Macquarie has a 12-month price target of $16.85 on GUD, which closed on April 14 at $12.26 after a 3 per cent rise on the ASX on that day. GUD shares had been sitting at $12.95 on February 9 but then sagged to $10.63 by March 8.
Macquarie in a note on April 12 rated GUD an “outperform” after a comprehensive on-site investor day the previous week where GUD management took fund managers and analysts through a detailed rundown of each of its main businesses.
The electric vehicle “mechatronics” business, known as IM Group, is positioned strongly to take advantage of what GUD expects will be high double-digit, year-on-year growth in demand for electric vehicle parts and accessories, which are more complex than those for traditional internal combustion engines.
“GUD’s portfolio of brands provides services including electronic repairs and re-manufacturing, hybrid EV battery rebuilds, and repurposing BEV ‘waste’ batteries for stationary energy storage,” Macquarie concluded.
IM Group’s Gino Ricciuti said in his presentation that GUD aimed to scale and rapidly expand the electronics repair and remanufacturing operations. Mechatronics is where mechanics and electronics intersect. “Electric vehicles have more and more complex electronics than equivalent internal combustion engine cars,” he said.
He said genuine replacement batteries for Hybrid Electric Vehicles are expensive, and sit at about 25 per cent of the vehicle’s entire value at the time of failure.
GUD’s core businesses sell Ryco oil filters and air filters, Goss fuel pumps and hoses, Narva automotive lighting and electrical parts, and a range of disc brake products for traditional vehicles.
GUD estimates the value of the car parts aftermarket for electric vehicles in Australasia is around $50 million, and will rise to $1 billion by 2030 as more and more people convert to an electric vehicle.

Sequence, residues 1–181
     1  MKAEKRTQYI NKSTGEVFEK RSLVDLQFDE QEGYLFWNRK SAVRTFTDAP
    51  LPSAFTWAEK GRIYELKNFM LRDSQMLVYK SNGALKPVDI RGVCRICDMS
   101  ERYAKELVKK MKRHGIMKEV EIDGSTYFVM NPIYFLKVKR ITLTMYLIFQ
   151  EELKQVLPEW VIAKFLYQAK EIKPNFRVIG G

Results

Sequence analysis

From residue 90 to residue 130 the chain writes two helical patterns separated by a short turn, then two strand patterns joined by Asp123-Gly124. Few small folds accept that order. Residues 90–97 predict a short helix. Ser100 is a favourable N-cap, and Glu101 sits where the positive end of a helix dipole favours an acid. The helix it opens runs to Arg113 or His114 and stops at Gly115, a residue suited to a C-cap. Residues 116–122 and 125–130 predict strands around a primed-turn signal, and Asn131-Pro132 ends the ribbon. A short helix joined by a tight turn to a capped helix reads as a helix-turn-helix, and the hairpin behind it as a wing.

Macquarie says GUD is well-positioned across all of its main categories, not just in the electric vehicle market. It estimates that the total number of vehicles of all types on the road will rise to 21.8 million by 2025, from 20.1 million in 2021.
The average age of vehicles is projected to increase to 10.9 years by 2025, from 10.6 years in 2021.
Investors are closely watching the early stages of the electric vehicle transition and trying to pick winners. The share prices of lithium miners have generally increased sharply on the ASX because of predictions about future demand for a mineral which is a core component of electric vehicle batteries.
Tollroad operator Transurban says the transition to electric vehicles should have broadbrush benefits for its operations.
Chief executive Scott Charlton said there would be a lighter touch on the roads and associated infrastructure when electric vehicles form the bulk of traffic.
“There’s less impact on the road itself,” he said.
There will also be less need for the industrial-scale exhaust fans and infrastructure inside tunnels.
Official figures from the Electric Vehicle Council earlier this year showed electric vehicle penetration remains low in Australia at 1.95 per cent of all new vehicle sales in calendar 2021.
Their figures showed 20,655 EVs were sold in Australia last year, up from 6900 in 2020. The Tesla Model 3 achieved 12,094 sales last year in Australia and is a clear No.1, with MG at No.2.
Extracted in full from: GUD chases $1b electric vehicle parts aftermarket (afr.com)